4.1.2. Targeting HSP90 in OC

The fact that HSP90 contributes to cancer progression and metastasis has rendered it an ideal molecule to target in several malignancies. In ovarian cancer, previous studies have shown that targeted inhibition of HSP90 is advantageous in terms of wide inhibition of numerous oncoproteins in EOC (see Figure 1 and Table 2). For instance, ganetespib as a monotherapy or in combination with paclitaxel showed marked reduction in cell growth, cell cycle arrest and induced apoptosis in vitro as well as ovarian tumors in transgenic mice in vivo [95]. Radicicol is another HSP90 inhibitor that has been shown to potentiate TRAIL mediated apoptosis in epithelial ovarian adenocarcinoma [96]. Moreover, since HSP90 is involved in the folding and stability of key mutant oncogenic proteins such as mutant p53 protein [97,98], targeting HSP90 disrupts HSP90/mutant p53 protein complex resulting in exposure of the mutant p53 to degradation by MDM2 and CHIP E3 ubiquitin ligases [98]. As an evidence, HSP90 inhibition exhibited strong cytotoxicity in p53 mutant cancer cells and xenografts [6,99]. Similarly, indirect targeting of multiple RTK receptors using HSP90 inhibitors, which interrupt the downstream pathways resulted in profound pro-apoptotic and anti-proliferative effects [100]. AUY922 that inhibits HSP90 has been tested alone or in combination treatment with carboplatin where it suppressed cell proliferation and significantly reduced carboplatin IC50 [101]. In line with the previous findings, recent studies have shown that the HSP90 inhibitor ganetespib potentiates the cytotoxic effect of carboplatin even in tumor cells lacking wild-type p53 [102]. Combined treatment of the two drugs led to persistent DNA damage and massive global chromosome fragmentation through inhibition of DNA repair and cell cycle control mechanisms [102].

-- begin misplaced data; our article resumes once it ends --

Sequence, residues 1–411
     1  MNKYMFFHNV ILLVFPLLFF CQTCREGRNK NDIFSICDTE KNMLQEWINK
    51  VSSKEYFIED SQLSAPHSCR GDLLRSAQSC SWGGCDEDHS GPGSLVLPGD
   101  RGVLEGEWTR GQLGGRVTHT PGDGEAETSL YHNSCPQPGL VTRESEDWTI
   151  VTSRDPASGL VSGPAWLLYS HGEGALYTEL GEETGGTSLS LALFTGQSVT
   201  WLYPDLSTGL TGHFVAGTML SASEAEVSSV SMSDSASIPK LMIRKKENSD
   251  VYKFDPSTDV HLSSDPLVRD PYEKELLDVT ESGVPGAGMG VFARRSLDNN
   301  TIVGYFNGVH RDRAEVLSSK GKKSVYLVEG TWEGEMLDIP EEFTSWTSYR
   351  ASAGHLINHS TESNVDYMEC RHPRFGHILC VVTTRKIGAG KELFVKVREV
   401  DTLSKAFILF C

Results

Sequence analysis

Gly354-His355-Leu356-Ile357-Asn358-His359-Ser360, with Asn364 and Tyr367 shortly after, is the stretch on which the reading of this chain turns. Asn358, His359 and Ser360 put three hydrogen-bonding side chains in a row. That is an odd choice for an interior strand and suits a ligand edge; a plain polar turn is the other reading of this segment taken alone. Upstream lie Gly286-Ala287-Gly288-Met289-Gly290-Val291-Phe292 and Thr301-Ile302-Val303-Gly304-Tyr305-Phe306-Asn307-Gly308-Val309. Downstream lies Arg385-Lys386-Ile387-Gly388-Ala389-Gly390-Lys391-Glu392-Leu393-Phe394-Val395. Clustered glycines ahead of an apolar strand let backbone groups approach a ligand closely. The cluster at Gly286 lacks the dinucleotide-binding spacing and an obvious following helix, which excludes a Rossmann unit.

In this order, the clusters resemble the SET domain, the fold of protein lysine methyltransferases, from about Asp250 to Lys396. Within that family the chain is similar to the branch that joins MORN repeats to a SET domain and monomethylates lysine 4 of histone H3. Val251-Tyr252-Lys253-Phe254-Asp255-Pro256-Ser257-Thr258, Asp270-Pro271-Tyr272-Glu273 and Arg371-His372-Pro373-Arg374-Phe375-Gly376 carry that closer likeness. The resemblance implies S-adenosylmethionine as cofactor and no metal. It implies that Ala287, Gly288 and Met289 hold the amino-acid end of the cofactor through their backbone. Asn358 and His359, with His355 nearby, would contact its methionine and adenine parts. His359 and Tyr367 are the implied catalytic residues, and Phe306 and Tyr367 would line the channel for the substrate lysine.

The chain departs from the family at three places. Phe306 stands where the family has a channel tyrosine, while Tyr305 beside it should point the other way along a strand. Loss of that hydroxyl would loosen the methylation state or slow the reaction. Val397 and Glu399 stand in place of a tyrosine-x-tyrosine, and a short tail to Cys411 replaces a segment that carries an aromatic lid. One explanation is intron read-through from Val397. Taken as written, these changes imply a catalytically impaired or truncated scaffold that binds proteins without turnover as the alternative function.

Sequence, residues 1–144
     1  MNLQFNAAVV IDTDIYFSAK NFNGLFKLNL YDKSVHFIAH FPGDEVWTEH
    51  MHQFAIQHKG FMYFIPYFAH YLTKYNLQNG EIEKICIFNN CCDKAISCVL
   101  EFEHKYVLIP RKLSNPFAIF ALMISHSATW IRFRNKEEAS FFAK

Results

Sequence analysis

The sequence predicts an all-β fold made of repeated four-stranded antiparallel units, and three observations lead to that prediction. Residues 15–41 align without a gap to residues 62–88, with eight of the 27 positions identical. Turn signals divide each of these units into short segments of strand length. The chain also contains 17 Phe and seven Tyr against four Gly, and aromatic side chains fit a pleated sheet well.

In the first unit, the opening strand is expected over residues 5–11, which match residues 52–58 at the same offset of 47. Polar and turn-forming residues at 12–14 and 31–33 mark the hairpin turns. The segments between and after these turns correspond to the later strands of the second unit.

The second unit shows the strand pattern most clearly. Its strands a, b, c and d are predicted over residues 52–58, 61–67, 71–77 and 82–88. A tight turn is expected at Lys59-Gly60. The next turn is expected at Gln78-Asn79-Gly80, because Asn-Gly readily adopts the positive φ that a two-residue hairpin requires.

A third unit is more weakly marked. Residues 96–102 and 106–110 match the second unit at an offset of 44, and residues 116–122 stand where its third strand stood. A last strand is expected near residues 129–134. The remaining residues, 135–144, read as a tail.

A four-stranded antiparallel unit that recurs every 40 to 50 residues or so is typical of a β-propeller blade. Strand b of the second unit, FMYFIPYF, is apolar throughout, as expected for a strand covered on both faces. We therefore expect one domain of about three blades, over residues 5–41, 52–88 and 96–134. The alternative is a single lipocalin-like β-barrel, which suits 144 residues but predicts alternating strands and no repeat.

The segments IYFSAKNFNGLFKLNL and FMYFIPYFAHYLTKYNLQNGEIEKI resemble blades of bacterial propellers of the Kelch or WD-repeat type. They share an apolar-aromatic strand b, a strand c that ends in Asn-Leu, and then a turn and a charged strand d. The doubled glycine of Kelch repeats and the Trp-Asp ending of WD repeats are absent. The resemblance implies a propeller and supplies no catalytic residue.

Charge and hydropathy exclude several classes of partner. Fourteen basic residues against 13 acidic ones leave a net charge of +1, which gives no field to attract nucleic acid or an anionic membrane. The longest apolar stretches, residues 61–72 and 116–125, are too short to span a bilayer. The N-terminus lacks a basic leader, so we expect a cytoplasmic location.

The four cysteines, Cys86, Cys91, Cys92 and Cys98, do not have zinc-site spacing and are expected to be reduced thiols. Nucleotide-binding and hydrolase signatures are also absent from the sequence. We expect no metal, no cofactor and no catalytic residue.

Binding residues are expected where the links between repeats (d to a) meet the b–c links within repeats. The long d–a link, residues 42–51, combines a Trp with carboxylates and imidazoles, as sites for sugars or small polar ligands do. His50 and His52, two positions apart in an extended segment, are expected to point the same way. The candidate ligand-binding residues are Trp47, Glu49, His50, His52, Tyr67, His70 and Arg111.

4.1.3. Diagnostic and Prognostic Value of HSP90 in OC

Serological screening in patients with OC has identified HSP90 among the tumor antigens. These included other molecules like S18, JK-recombination signal binding protein, CDC23, ribonucleoprotein H1, RAN binding protein 7, TG-interacting factor, eukaryotic translation initiation factor p40 subunit, ribosomal protein L8, human amyloid precursor protein-binding protein 1, IQ motif containing GTPase activating protein 1 and ribosomal protein L3 [80]. Further analysis of HSP90 autoantibodies prevalence revealed that HSP90 was linked to late stage of OC, suggesting its use as a potential biomarker [80]. Other previous studies have shown high expression of HSP90 and HSP70 where HSP90 was directly correlated to levels of sex steroid receptors in the tumor cells [105].